For some purposes beamed energy (be that laser, particle of projectile beams)(a kilometer seized receiver isn't an issue in space) or Helium3 freighters might just be better options for some times and purposes.
However as civilization advances you will likely move towards matter to energy conversion technologies. Black hole Penrose processes, Kugelblitz micro black holes, magnetic monopole based conversation technology, ... Something will pan out in the long run. At this point is is E = m * c^2 * efficiency. So ultimately the civilization will be transferring mass (hydrogen would be my guess), as it is much simpler to handle than the alternatives and use local conversion reactors.
If you want crates of energy-containing things being shipped around the solar system, then hydrogen fuel cells are probably the way to go. Someone else has already mentioned that, so I'm going to raise a couple options that most people don't consider.
Lasers: Instead of batteries, use tightly focused and very, very carefully aimed laser beams. Much faster delivery time, and possibly fewer issues with degradation in transit.
Big rocks: Loosely speaking, a "battery" is just a means of storing energy. It's completely possible to do that in the form of gravitational potential energy - for example, pumped hydro-electric storage, where you pump water uphill past a dam so you can release it later. You can't really haul a lake to another planet, but anything drifting through space has lots of gravitational potential energy. If your civilization doesn't want to throw moons at their inhabited planets for some weird reason, they can just send spacecraft around carrying really big weights. On receipt, the weight gets attached to the upper end of a space elevator, and its trip down into the gravity well generates energy.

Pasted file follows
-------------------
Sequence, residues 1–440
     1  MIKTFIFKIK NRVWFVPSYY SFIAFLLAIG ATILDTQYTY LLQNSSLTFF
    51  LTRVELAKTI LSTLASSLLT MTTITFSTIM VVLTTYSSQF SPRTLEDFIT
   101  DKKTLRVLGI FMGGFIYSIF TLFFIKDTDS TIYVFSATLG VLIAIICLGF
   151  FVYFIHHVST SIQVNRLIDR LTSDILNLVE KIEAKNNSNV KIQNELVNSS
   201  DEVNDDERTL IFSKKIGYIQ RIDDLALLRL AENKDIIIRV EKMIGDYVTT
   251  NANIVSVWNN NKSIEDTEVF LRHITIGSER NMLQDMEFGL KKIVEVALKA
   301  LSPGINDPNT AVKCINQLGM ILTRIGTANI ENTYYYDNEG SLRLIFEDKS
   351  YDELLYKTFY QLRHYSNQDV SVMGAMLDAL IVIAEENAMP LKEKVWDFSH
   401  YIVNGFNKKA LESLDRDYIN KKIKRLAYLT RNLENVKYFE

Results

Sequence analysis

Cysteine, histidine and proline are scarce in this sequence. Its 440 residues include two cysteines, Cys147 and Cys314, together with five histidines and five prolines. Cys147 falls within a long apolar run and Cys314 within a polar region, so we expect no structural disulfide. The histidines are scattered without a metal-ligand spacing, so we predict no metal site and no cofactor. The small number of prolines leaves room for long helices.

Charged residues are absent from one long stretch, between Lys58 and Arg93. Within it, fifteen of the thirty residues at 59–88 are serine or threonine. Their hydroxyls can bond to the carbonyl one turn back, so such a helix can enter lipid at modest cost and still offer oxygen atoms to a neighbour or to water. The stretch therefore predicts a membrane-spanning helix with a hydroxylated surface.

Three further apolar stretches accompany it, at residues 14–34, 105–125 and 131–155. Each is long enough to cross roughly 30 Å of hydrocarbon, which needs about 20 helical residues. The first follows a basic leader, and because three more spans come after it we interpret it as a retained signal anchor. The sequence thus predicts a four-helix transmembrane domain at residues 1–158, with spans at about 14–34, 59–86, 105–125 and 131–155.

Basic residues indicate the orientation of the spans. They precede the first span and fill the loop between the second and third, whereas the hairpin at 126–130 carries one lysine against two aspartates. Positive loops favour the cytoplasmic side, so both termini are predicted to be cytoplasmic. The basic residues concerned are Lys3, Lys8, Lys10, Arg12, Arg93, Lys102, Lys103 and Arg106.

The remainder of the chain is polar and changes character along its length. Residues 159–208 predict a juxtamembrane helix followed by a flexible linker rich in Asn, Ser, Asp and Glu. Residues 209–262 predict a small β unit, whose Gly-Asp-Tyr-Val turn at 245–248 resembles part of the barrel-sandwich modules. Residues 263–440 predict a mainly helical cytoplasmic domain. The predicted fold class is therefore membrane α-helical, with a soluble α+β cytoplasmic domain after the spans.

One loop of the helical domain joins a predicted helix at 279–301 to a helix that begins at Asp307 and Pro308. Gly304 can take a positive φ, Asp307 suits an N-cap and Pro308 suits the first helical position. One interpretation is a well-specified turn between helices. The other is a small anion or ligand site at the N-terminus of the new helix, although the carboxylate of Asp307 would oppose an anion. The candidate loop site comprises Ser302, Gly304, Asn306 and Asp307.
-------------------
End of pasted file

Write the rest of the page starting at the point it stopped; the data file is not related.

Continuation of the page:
Hyperspace travel: If your FTL system uses something like an Alcubierre field, then an arriving ship may announce itself by hucking a smorgasbord of high-energy particles out in front. Set something up at the starport to catch this and you have free energy. (As an added bonus, this will protect your planet from having a mass extinction event every time someone comes to visit.)
Even in space, one of the best energy densities you can achieve is in liquid or solid hydrocarbons. Such hydrocarbons can be made on planets that have plant life and ample light - simply by planting algae and fermenting them into alcohols. These can be processed into longer chain hydrocarbons easily in chemical plants.
Not all places humanity settles have the required ability to sustain plant life or are too backwater to have large enough chemical plants to process enough fuel. Those little fringe markets however are unlikely to be serviced too often: To get anywhere, the ships need all their fuel to get there, and selling it at the destination is exactly the opposite of what you'd do: you need to buy more to get back!
Sadly, for all but fringe cases, trading any energy on an interstellar level is unfeasible.
Fuel as battery however, requires a generator as a converter, but those are comparatively small. The best method to earn from energy is to transport this equipment as a commodity.